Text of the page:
living in the console.

Linux for blind general discussion blinux-list at
Fri May 26 13:18:46 UTC 2017

Hi Tim,

Nice list of applications. I'd like to offer 
an addition for music recording and editing: Nama.

FYI, Nama uses Ecasound as the audio processing backend,
and takes care of lots of details that makes it much
easier to work like a conventional multitrack recorder or DAW.
It is a perl module, and installs from CPAN.

With friendly greetings,

On Thu, May 25, 2017 at 06:18:47PM -0500, Linux for blind general discussion wrote:
> Tim here
> Mark Peveto wrote
> > Over the last couple days or so, I've considered becoming a totally
> > command line linux user.
> I'm mostly there.  Web browsing is the big hurdle for much of my
> day-to-day use.  Lynx/links/elinks work for many things, but some
> sites just need a fully modern-standards-supporting browser.
> > How would I print to my printer for example,
> It depends on what you want to print, but it usually involves piping
> things to the "lp" ("line printer") program.  It can be configured to
> use CUPS on the back end (and may already be configured out of the
> box for you).
> Getting fancier output would involve rendering some sort of markup.
> There are tools to render HTML, LaTeX, PDFs, and even Word/LibreOffice
> docs from the command-line to the printer.
> I don't know what you want to print, but I suspect it can be done in
> most cases.
> > play an entire album from my music collection.
> It depends on your tastes, but there are literally dozens of music
> players.  Some, such as mpg123/mpg312/aplay/ogg123 allow you to
> specify just the files you want on the command line and it will play
> them.  Others, like mplayer are similar but give you a little more
> control over playback.
> There's also mpd/mpc which is the Music Player Daemon/Client that
> runs in the background and doesn't really have a GUI.  The mpd
> program runs in the background and the mpc program acts like a
> remote-control, letting you create/edit playlists, control playback,
> etc.  I like the remote-control aspect as I can map them to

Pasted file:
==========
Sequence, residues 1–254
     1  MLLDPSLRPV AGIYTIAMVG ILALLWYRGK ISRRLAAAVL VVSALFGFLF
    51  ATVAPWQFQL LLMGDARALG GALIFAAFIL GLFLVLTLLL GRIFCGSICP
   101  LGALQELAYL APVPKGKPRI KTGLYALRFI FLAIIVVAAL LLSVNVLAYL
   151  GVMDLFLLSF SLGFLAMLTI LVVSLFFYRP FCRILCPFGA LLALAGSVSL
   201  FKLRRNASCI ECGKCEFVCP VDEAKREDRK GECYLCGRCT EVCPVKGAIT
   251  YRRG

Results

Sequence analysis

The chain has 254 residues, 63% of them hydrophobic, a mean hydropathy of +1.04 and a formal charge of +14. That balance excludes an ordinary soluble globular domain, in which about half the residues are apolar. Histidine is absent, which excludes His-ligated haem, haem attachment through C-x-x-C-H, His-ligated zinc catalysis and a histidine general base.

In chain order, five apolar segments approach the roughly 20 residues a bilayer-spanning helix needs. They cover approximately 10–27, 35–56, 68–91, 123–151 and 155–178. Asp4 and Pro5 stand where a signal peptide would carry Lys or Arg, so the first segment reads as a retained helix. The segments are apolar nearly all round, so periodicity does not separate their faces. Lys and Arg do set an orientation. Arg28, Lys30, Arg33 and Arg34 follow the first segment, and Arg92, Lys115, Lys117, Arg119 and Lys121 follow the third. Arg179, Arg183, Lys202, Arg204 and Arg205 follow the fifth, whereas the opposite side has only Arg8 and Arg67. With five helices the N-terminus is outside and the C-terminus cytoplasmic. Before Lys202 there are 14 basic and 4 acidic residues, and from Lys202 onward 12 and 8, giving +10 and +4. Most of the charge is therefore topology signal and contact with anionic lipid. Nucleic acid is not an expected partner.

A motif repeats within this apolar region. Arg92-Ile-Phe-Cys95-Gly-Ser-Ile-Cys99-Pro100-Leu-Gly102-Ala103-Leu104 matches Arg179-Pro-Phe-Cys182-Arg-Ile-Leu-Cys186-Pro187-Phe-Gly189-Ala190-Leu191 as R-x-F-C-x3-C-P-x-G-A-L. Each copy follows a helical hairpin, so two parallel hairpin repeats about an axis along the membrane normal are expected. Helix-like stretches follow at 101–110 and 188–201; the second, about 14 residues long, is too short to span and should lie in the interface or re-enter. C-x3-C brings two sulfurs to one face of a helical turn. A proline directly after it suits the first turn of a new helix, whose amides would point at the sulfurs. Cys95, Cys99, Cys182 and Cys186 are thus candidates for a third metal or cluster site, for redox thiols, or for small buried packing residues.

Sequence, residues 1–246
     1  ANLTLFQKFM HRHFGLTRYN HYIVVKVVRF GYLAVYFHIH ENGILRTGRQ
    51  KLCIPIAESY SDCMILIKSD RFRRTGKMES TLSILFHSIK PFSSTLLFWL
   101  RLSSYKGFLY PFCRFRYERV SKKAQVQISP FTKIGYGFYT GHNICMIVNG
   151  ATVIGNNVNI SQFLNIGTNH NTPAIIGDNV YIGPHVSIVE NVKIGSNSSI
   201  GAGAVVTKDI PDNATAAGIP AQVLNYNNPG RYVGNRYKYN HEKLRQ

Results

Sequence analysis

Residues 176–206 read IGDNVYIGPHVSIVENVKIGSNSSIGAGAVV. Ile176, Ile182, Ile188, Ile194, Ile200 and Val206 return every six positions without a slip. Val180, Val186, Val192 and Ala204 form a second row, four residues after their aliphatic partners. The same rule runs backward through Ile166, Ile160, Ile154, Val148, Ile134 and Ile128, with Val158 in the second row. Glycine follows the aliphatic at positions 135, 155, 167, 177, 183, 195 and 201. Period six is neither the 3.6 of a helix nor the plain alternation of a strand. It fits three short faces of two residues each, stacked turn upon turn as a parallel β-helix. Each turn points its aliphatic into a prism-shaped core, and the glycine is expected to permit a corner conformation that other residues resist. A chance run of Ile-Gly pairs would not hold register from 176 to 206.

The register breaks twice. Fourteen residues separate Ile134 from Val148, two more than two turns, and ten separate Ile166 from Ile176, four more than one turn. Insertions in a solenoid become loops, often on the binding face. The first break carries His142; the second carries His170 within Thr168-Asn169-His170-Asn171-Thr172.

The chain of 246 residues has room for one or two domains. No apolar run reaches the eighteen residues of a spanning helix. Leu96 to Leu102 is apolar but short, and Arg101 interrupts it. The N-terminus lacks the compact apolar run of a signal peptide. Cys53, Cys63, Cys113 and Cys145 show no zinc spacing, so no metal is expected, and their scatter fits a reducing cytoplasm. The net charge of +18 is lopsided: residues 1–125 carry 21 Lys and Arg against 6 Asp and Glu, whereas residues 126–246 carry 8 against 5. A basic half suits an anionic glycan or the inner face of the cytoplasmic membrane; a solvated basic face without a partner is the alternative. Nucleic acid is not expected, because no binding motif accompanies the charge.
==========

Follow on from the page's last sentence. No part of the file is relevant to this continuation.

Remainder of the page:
> particular keys on my keyboard or aliases in the shell and have quick
> access to common commands with my media-keys.
> Personally, I use "cmus" which has a text-mode GUI but also has a
> remote-control interface like mpd/mpc.  I start up tmux and have a
> pane for my alsamixer and cmus which lets me flip between them pretty
> readily. It allows me to make play-lists, search my collection,
> shuffle, etc, much like you'd be familiar with in a graphical player.
> > How, also, would I create documents in something beyond text
> > format?
> usually it's done with a markup that suits your tastes.  I personally
> have been writing HTML by hand since college in the mid 90s so that's
> what I reach for.  But other people like TeX/LaTeX (it does produce
> some beautiful output and also has external library support for things
> like music markup letting you write scores) while other people like
> some of the more light-weight markup languages like Markdown or RST
> or the like.
> I'd kick the tires on a few and see what feels natural to you.
> Fortunately, there's a tool called "pandoc" that lets you convert
> between a large number of input/output formats so you can write in
> Markdown and convert to PDF, or write in HTML and convert to MS-Word
> format, or write in LaTeX and convert to ePub with minimal loss.  And
> it outputs any of them in plain-text (though you may lose some
> information in the process since plain-text doesn't support many
> features as you've acknowledged)
> > How does one ditch the guy, and still enjoy all linux has to offer
> > in the console?
> One program at a time (grins).  So much like each of the items above,
> it's a matter of asking "I currently do XYZ in the GUI but would like
> to do XYZ in the console" for whatever XYZ is your next adventure.
> I maintain a page listing a number of common command-line tools:
> that can point you in the direction of various applications to try
> out.  Some might drive you crazy while others might fit your brain
> just right.  They should all be free and are likely in most software
> repos, so it doesn't cost you anything except a little time to try
> each one out.
> > I'm willing to learn how to do this, but who ever decides to help
> > me is gonna hafta be patient.  
> The folks on this list are a pretty friendly & patient bunch, so
> we'll be glad to help where we can.
> -tim
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Joel Roth

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